Study: Water fluoridation good for adults as well as kids

2008 11 10 11 04 21 112 Fluoride 70

The U.S. has seen both a steady expansion and elimination of water fluoridation in recent years as budget priorities shift and power changes hands among those with differing philosophical perspectives on the role of government. Inevitably, decision-makers and their constituents must consider evidence of the effectiveness of fluoridated water in improving oral health and claims of its detrimental impact on overall health.

A similar debate exists in Australia, where some water suppliers have implemented fluoridation in recent years and others ponder whether to move forward with it. Now a group of researchers from the University of North Carolina (UNC) School of Dentistry and the University of Adelaide have entered the debate with a new study on the effectiveness of water fluoridation (Journal of Dental Research, March 1, 2013).

“It benefits everyone living in the city from
day one.”
— Gary Slade, BDS, DPH, PhD, University
     of North Carolina School of Dentistry

Using a nationally representative sample of Australian adults as the source of their data, the researchers concluded that the "caries-preventative effects of water fluoridation were at least as great in adults born before widespread implementation of fluoridation as after widespread implementation of fluoridation."

Adults who spent more than 75% of their lifetime living in a community with water fluoridation had significantly less decay than those who had lived in one for less than 25% of their lifetime, they noted.

"A random sample of an entire national survey has never been done before [in a fluoridation study]," said Gary Slade, BDS, DPH, PhD, a distinguished professor and the director of the oral epidemiology doctoral program at UNC's School of Dentistry, in an interview with "The U.S. does national dental surveys of decay, but what's not done in the National Health and Nutrition Examination Survey is digging into a lifetime of where people have lived in terms of fluoridated and unfluoridated areas. It's unusual for them to go back to earlier life experiences."

What the researchers ended up with in their examination of the survey is a "guarded conclusion" that fluoride is effective based on a new dimension of evidence.

"We looked at it a few ways, and there are certain assumptions you have to make," Dr. Slade explained. "Not everyone answers the survey questions perfectly, but when we went back and forth in certain assumptions, we kept returning to a noticeable effect of 10% to 30% less decay -- 10% at a population level with even 1 million people is a lot of cavities."

Not just for kids

Fluoridation was previously thought to primarily benefit children who were raised drinking fluoridated water. Consequently, there is sometimes a perception that "it would take us 10 to 15 years to see the benefit of only a 10% reduction" in decay, Dr. Slade noted. That can lead to disagreements about the cost-benefit ratio of fluoridation. This study could alter that discussion.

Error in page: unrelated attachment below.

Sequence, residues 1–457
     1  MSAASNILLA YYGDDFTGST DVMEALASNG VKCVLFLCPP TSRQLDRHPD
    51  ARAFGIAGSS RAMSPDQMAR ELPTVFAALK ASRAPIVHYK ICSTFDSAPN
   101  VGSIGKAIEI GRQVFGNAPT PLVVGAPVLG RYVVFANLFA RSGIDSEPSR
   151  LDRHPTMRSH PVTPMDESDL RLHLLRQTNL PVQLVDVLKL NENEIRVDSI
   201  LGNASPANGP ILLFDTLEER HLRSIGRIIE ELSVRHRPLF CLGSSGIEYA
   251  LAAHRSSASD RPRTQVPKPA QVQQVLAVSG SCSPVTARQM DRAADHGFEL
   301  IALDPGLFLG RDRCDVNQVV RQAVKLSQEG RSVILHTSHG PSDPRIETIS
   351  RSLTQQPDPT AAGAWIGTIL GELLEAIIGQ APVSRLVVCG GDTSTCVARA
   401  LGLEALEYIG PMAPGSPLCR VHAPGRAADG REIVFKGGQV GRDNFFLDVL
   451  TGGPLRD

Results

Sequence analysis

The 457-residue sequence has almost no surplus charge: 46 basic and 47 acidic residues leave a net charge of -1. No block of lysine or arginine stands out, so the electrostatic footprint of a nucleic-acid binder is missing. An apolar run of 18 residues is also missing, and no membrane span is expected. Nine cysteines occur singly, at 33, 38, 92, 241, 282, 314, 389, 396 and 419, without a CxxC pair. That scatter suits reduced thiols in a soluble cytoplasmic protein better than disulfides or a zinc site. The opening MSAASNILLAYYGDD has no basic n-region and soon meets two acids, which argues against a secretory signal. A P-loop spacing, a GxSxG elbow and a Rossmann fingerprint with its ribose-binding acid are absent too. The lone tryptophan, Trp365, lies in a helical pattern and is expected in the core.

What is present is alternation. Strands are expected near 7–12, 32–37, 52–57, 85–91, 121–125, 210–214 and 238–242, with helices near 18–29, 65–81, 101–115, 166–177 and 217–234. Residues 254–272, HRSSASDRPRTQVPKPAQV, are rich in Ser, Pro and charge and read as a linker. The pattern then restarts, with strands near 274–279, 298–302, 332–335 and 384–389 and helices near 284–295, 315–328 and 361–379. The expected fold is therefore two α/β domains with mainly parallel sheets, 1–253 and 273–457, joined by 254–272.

"[Fluoridation] is not just for kids -- it benefits everyone living in the city from day one," he added. "The benefit was at least as great for people who began living in areas fluoridated after they were born. This is a massive change in the cost-effectiveness ratio right there from what we have traditionally factored in."

The researchers analyzed national survey data from 3,779 adults age 15 and older selected at random from the Australian population between 2004 and 2006. Survey examiners measured levels of decay, and study participants reported where they lived since 1964. The residential histories of study participants were matched to information about fluoride levels in community water supplies. The researchers then determined the percentage of each participant's lifetime in which the public water supply was fluoridated.

"The interesting thing about the survey conducted from 2004 to 2006 was that it captured quite a window of a natural experiment that started in the early '60s," Dr. Slade said. "Australian cities began fluoridating in a space of about 15 years; the percentage increased from about zero to two-thirds of the population living in fluoridated areas by the late 1970s." And while some Australians had spent all of their life in a fluoridated community, many had spent none, allowing for excellent comparative analysis, he added.

With it, along with evidence from other studies, "we believe that the current findings of an inverse association between water fluoridation and caries experience provide reasonable evidence of a causal, preventative effect in Australian adults," the researchers concluded.

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